Ms. Newman: Was there a great change when the chains came down from the gate...was in 1969 or so?
Ms. Schwartz: Well, a lot of people were upset about that. At certain times, I am too. It came to the point, however, that you couldn't avoid it. It was in 1979, and I faithfully parked my car outside the gate, although some people were beginning to park their cars on Sunday before that fateful day when they finally opened the gate. It got to the point where... I used to rent a spot... There used to be a garage over in Asbury Park on Lake Avenue. I had a rental place there for I don't know how many years. Needing my car on Monday morning to go to work, I had to be sure that it was going to be there and that I could get it started. The weather was bad. It used to be worse in those days. We used to have more storms and if it was too bad, they didn't even do anything about the streets. I was able to park the car there on my way home from work and then walk over the bridge and come home.
Ms. Newman: Did they have snowplows?
Ms. Schwartz: Yes, but they didn't do the stuff like they do now. They didn't do it like they do now because they didn't need to, since there weren't many cars around. They just made a path in the middle, practically. The Association had a little snowplow in the twenties. It was a horse-drawn plow, and they used to do the sidewalks. But still in the 1950s and 1960s, and a lot of people used another garage. I used this one here because I felt it was better for me. So, I used to keep my car in the garage over there, but parked in front of the house during the week. On weekends, you couldn't find a place to park your car. If you went out on Sunday, it meant you might not have a place to park your car when you came back, even if it was Asbury Park or someplace else. I don't have anything to say about the Association because they didn't have any property in Asbury Park and didn't have any property in Bradley Beach for us to park our cars. Where they had property in Ocean Grove, they weren't inviting you to park your car.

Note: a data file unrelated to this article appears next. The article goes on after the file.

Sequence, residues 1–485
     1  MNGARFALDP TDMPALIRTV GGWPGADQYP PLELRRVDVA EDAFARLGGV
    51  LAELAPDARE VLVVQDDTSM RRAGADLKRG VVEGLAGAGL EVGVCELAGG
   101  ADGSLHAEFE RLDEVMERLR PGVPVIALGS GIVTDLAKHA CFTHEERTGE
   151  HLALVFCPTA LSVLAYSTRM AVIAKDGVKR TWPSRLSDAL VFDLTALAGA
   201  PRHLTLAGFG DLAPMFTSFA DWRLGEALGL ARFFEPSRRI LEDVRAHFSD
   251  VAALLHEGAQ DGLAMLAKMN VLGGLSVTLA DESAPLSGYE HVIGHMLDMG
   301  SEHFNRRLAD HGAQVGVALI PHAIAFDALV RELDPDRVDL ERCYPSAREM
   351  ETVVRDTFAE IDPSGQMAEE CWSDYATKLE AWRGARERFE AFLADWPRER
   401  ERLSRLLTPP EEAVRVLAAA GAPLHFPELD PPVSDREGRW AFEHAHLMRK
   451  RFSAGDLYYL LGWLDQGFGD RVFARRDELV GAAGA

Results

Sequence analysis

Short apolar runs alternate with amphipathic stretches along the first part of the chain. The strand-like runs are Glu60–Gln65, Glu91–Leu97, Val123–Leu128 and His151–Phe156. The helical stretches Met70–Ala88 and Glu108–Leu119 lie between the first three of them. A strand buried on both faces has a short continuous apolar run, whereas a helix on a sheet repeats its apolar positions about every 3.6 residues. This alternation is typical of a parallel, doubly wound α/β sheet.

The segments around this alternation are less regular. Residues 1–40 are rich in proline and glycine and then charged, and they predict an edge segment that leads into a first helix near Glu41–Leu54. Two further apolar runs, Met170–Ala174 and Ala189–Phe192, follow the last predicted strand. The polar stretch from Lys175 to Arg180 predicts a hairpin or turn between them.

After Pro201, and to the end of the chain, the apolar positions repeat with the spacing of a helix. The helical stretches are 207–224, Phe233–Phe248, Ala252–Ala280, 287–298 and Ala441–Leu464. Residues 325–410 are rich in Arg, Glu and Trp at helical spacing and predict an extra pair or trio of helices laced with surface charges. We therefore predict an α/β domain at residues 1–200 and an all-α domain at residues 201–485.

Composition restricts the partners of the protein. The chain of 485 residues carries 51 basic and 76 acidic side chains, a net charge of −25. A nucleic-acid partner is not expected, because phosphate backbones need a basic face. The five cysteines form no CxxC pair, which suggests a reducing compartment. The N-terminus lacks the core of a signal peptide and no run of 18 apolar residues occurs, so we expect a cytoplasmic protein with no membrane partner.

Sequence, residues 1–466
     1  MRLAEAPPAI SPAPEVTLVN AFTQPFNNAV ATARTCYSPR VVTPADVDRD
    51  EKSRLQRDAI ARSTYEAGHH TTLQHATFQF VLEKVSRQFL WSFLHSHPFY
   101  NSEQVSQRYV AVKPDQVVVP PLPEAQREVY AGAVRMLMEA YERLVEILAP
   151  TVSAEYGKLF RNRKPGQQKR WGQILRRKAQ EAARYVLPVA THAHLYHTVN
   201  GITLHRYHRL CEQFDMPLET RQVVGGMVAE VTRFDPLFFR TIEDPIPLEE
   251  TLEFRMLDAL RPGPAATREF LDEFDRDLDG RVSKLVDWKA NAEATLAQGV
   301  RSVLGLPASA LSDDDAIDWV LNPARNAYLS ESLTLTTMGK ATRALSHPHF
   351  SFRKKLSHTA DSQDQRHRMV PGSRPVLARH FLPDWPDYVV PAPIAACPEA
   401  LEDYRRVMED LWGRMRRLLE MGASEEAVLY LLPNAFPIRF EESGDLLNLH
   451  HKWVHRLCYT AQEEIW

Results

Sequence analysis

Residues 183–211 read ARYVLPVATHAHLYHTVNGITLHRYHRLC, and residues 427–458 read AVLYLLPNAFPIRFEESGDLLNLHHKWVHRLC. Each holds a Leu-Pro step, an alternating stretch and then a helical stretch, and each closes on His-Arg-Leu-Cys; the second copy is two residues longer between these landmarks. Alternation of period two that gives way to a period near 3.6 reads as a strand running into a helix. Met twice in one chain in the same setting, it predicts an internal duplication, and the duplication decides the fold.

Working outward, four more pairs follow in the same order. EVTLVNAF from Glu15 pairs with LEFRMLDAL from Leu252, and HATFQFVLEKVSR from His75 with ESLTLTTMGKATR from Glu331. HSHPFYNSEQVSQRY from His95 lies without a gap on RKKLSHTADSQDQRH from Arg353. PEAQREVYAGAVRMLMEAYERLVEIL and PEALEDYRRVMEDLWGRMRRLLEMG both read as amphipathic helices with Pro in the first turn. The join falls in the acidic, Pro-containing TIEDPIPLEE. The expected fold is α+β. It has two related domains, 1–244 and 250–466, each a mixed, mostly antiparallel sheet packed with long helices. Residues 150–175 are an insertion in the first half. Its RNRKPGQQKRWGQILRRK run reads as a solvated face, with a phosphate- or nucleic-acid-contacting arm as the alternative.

Ms. Newman: But once the chains came down, was the parking situation better?